Remember the Grimm's fairy tale, "Hansel and Gretel?" The one where the young children are led deep into the forest and can't find their way home? Overhearing their father and stepmother's nefarious plans (why is it always the stepmother?), Hansel very smartly leaves behind a trail of bread crumbs so he and his younger sister can find their way back.
Unfortunately, hungry birds eat the trail of crumbs and alas, Hansel and Gretel are lost in the woods until they come upon an enticing chocolate-shingled, candy house.
It's only a ruse . . . once inside Hansel is locked in a cage by the wicked witch who intends to fatten him up and eat him while Gretel is forced to care for the old bag. (Fairy tales are rather gruesome stories when you take a closer look.)
Today's story ISN'T about pretty houses that misrepresent what's inside, (although it could be), or about caring for the elderly, (maybe the witch was just lonely?), it's about the bread crumbs Hansel left along the path. . .
When I'm at an Open House, it's not unusual for interested parties to ask: "How many offers do you think you'll get and how high will the house go?"
(With all due respect, we've only been on the market for a few days, I really have no idea yet.)
Aside from the fact that this type of inquiry requires me to look into the future - a super-natural gift I haven't yet acquired - I'm guessing this isn't a question that's asked in Buffalo, NY, Waco, TX, or almost anywhere else in the United States. In nearly every other market, the listing price of a home is a transparent number meant to jump-start negotiations; one where the result leads to a sales price that will probably be less (not more) than the figure on the flyer; where give and take is standard; and where Buyers have time to consider not only their offer, but to conduct due diligence as well with thoughtfully crafted contingencies and reasonable time frames. (Remember those days? They feel like a long lost fairy tale now.) And if our market had more equity between Buyers and Sellers, that's how we'd roll here in the Bay Area as well.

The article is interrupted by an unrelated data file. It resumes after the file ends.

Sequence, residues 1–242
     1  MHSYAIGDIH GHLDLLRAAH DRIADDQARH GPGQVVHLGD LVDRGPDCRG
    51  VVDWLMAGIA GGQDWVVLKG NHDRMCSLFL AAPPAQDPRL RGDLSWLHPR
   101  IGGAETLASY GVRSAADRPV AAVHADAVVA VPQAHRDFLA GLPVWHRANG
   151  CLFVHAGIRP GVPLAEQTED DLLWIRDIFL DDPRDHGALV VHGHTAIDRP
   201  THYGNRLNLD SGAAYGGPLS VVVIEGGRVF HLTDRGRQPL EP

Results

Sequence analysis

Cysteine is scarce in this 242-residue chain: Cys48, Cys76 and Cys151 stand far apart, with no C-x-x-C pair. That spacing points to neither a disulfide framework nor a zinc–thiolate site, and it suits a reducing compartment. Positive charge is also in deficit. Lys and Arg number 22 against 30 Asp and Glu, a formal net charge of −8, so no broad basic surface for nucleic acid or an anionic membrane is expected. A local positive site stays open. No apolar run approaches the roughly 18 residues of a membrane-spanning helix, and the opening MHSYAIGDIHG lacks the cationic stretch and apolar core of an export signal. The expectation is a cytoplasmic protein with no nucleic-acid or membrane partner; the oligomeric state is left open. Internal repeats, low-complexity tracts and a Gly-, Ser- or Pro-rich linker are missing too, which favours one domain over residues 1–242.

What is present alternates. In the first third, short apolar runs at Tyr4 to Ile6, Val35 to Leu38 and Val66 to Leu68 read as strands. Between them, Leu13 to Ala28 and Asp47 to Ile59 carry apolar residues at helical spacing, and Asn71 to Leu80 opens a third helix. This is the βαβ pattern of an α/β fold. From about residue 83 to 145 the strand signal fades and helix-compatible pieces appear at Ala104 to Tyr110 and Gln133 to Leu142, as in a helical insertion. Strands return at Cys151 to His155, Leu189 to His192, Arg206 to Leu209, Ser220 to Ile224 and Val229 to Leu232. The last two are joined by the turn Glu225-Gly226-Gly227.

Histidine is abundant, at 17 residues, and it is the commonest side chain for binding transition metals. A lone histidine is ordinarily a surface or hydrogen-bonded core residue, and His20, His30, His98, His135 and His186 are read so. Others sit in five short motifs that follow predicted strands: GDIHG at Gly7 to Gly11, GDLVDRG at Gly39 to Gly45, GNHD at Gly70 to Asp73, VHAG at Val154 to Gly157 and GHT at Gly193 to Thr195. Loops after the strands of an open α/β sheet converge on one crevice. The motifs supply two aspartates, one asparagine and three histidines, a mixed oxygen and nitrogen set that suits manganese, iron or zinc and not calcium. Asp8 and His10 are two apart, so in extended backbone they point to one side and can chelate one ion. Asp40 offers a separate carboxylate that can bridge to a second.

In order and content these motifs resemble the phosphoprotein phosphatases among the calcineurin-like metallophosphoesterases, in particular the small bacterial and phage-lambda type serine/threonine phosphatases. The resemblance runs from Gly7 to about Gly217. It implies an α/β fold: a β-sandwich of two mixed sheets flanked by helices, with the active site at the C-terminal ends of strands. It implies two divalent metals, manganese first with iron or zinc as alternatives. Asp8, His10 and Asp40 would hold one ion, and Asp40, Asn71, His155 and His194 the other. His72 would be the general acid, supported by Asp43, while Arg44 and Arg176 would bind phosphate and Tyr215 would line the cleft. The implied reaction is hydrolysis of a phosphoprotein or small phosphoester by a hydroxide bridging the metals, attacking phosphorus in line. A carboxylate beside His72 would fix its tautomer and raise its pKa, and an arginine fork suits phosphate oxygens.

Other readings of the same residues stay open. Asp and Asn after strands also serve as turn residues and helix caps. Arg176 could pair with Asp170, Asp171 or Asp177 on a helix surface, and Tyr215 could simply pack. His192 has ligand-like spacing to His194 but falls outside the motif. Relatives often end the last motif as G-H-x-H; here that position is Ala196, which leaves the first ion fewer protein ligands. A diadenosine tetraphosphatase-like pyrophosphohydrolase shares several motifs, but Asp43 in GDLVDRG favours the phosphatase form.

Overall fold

Unfortunately (for Buyers), that's not how the story goes . . .
Here, there's still too little supply to meet overwhelming, pent-up demand, thus most properties we bring to market will receive more than one offer (most, not all) and the list price is merely the opening bid in what is essentially, a blind auction. And no, you don't get to know what the other Buyers are offering; that's not the way a free-market economy works (and it would take away all the suspense)!
So while I haven't the gift of foresight, I do have excellent Intel, years of market experience, long weekends spent standing inside the house measuring the public's interest, strong insight based on comparable sales, and intimate conversations I've had with the Sellers before and during the marketing period that reveal their expectations, so what I can more relevantly do (like Hansel) is leave a trail of bread crumbs for you and your Agent to follow . . .
(willing and able Buyers do) but if your inquiry is real, as in: "What's it going to take to get this house?", AND you'd hate to lose out to other interested Buyers, AND you'll kick yourself tomorrow when you do, why ignore the gluten-filled buffet by presenting an offer that doesn't even come close? (Perhaps you've never read the story?!?)
Short of writing the offer myself (that's called "Dual Agency" and I don't recommend it), I'm doing everything I can to provide not just the bread crumbs, but the whole mouth-watering loaf. I'm keeping in contact with everyone who's expressed interest, sending disclosures, answering questions, updating your Agent as to the number of confirmed offers, providing comps, and setting a reasonable expectation, and if that's not a warm, blueberry muffin served on a platter, I don't know what is.
Hello? Don't you like muffins?
In the end, Gretel didn't rely on the bread crumbs, but on her own clever ingenuity and a strong push to free Hansel and herself from the clutches of the wicked witch (that's a plug for arm curls and staying in shape). While your personal story to acquire a house in today's whirlwind and highly competitive marketplace doesn't need to be nearly as treacherous, or as frightening, (meaning, you shouldn't have to shove anybody into an oven to get a house), you definitely want to devise a savvy game plan, come up with a well-advised strategy, and if you're asking me. . . I'd follow the bread crumbshome.
That's usually where the "happily-ever-after" ending lies.
(BTW - no one ever looks back and thinks they paid too much 10 or 20 years down the road. Take the muffin. It's a gift.)
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Julie Gardner, has been writing The Perspective for 12 years and has published more than 500 essays. She is also a frequent contributor to the Sound Off column in the Real Estate section of The San Francisco Chronicle.